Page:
McLean County, Illinois
When this section of the State began to be settled by the white people, the Kickapoo and the Pottawatomie Indians were in possession of the country between the Wabash and the Illinois Rivers. The two tribes seemed to be so promiscuously intermixed with each other, and with the fragments of some other tribes, as scarcely to be distinguishable, on the part of the early settlers.
Although they had confessedly disposed of their title to the country to the United States Government, they manifested some hostility of feeling when the pioneers came to take actual possession of their former hunting-grounds, and of the homes of themselves and of their fathers. They seemed to feel that their leaving the country was yielding to an inevitable necessity, brought upon them by the unwelcome encroachments of the white man, rather than complying with the terms of a voluntary cession of the territory.
The old Kickapoo chief, Machina, even threatened unpleasant consequences to the first installment of settlers in this county if they did not leave. But there were no evil results. In fact, the intercourse between these Indians and the early settlers, was, in this section of the country, of the most friendly character, as a general thing. They would sometimes steal necessaries from those whom they hated ; but the lives and the property of those who treated them kindly, and with whom they were on friendly terms, were as safe as among any other people. If they wanted a pig, or something of the kind, from a white neighbor, they were told to help themselves, and, on the other hand, if a friendly housewife wanted some game for food, it would soon be forthcoming from the red man. There is no record, nor yet tradition, that any white person was ever killed by the Indians within the limits of this county, unless, perchance during the war of 1812.
These Indians had their headquarters near Old Town Timber, near the center of the county, their fort covering several acres, surrounded by a palisade and an embankment on each side of it. Pleasant Hill, another of their stations, a few miles north, was with them a favorite place for the cultivation of the few vegetables which they raised. In the summer, many of them liked to stay about the southeast end of Blooming Grove, the scene of the earliest settlements in this county.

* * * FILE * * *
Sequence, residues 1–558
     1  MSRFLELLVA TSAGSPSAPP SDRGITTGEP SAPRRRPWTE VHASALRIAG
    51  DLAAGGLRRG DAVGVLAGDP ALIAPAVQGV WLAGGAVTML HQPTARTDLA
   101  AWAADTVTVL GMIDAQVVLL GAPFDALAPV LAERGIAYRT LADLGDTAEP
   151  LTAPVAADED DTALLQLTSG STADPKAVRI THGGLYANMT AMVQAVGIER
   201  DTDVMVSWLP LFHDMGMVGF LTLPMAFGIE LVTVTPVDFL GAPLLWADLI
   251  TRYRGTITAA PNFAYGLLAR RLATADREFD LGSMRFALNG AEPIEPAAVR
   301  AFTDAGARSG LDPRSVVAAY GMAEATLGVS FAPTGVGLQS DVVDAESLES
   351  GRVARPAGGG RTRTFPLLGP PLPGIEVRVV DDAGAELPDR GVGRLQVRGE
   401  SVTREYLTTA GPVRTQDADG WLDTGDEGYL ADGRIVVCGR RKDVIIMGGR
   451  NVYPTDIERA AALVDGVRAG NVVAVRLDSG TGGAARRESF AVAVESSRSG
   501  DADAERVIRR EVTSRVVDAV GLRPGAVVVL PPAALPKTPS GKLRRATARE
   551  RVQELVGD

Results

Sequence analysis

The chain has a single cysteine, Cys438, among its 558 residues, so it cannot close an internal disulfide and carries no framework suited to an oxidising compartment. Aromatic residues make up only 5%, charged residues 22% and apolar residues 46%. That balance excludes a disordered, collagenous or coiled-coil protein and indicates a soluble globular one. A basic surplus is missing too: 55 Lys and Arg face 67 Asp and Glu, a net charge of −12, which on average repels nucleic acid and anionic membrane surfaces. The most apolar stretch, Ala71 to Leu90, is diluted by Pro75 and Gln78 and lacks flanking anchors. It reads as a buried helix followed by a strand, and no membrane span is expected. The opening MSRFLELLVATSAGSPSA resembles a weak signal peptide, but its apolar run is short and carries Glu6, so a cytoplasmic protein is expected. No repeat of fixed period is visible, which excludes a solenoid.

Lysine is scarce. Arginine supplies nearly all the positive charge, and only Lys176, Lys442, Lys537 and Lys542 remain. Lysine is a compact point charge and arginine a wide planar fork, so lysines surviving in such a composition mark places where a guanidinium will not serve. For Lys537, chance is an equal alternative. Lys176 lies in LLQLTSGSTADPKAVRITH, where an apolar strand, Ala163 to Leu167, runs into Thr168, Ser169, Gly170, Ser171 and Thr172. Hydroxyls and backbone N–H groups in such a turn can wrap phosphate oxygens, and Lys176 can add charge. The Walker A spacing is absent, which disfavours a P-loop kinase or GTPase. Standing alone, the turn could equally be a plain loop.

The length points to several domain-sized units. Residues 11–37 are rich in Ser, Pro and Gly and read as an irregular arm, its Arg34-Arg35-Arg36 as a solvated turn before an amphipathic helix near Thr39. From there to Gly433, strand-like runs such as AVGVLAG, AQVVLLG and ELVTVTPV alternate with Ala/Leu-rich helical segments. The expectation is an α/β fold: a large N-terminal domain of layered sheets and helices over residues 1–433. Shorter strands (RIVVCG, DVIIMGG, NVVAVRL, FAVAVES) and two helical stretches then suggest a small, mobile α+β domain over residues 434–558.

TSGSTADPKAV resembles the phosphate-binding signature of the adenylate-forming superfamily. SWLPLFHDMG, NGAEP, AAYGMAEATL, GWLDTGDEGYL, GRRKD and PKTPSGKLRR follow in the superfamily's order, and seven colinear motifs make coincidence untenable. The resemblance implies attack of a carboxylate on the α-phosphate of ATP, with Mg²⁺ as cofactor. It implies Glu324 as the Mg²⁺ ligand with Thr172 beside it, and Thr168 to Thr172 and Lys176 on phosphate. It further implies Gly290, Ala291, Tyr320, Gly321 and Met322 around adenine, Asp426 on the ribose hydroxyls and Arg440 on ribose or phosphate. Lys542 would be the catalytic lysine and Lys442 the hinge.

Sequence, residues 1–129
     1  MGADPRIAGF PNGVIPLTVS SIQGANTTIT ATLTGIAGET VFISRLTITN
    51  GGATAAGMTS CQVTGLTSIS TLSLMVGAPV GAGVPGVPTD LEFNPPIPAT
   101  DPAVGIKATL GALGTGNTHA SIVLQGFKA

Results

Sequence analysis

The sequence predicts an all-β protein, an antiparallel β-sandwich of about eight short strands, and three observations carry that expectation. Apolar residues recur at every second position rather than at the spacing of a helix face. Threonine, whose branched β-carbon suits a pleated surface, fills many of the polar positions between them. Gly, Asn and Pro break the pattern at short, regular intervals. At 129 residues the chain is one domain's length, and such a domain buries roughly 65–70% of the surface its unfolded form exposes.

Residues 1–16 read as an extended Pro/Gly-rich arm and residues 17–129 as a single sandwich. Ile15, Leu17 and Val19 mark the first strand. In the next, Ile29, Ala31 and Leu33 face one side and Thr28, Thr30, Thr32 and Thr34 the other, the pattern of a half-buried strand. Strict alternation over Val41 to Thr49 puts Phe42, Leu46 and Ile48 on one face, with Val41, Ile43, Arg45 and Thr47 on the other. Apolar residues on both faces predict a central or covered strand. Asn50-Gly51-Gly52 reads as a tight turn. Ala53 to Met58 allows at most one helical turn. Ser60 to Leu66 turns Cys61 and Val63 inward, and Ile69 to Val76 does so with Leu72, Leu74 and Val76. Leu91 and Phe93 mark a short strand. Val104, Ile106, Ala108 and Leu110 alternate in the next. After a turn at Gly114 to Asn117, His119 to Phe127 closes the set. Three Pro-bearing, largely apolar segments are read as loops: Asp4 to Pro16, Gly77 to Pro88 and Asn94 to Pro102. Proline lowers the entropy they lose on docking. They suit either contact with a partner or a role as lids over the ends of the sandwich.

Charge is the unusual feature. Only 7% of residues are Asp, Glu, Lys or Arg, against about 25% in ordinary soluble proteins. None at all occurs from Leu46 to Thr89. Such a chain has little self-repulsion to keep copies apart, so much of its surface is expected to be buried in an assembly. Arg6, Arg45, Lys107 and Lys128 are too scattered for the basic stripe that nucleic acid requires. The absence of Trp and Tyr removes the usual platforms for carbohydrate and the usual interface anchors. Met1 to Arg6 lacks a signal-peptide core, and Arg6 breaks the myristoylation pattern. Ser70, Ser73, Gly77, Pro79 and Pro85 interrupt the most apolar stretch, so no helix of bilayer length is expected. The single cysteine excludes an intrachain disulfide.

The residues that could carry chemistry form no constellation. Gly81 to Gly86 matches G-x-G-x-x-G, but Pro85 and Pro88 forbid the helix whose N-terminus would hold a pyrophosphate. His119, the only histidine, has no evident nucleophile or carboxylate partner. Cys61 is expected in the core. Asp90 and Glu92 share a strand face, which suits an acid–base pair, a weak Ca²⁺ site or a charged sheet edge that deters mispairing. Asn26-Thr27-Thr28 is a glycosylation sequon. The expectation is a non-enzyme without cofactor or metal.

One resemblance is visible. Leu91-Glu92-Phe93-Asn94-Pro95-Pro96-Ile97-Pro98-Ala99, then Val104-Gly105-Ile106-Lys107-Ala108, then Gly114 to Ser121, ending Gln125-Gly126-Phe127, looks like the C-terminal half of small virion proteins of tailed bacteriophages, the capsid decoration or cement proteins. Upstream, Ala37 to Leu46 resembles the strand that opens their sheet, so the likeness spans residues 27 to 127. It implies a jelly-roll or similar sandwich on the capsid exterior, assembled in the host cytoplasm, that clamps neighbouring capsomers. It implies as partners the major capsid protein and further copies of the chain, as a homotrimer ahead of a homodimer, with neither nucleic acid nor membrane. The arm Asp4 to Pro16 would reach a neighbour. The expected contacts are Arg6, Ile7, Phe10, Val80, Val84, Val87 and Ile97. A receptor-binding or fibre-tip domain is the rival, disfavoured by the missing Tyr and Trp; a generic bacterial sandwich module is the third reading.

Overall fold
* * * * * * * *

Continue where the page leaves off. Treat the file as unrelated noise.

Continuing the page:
This section. of the country was evidently a great favorite with the Indians. Here game of all kinds was abundant, wild fruits were plenty and excellent, the climate was genial, the range for their ponies was inexhaustible, the groves and the streams were conveniently frequent, and the scenery was unsurpassable in its quiet beauty.
Here were the graves of their fathers, and here were the scenes of their own exploits and their homes. But they seemed to feel that they were a doomed people, and to anticipate their fate. Some of them were very intelligent people ; and in their intimate intercourse with friendly whites, they would sometimes indulge in sad rehearsals of the many wrongs which their tribes had suffered from the hands of the white man, as they had been successively crowded from one portion of the country to another, westward, ever westward!
The Indians remained in this section of the country until the Black Hawk war ; and during that conflict, they seemed to flit about, equally desirous of avoiding contact with the whites and the Indians engaged therein. These Indians afterward emigrated to Northwestern Iowa, to fade from the memory of the early settlers in this State, and, eventually, from the face of the earth.
In reference to them, we may adapt the lines of the poet, and say :
" Full many a one was born to die unseen,
And waste his fierceness on the desert air."
[The History of McLean County, Illinois, Chicago: W. LeBaron Jr. & Co., 1879 - (Transcribed by: Teri Moncelle Colglazier)]
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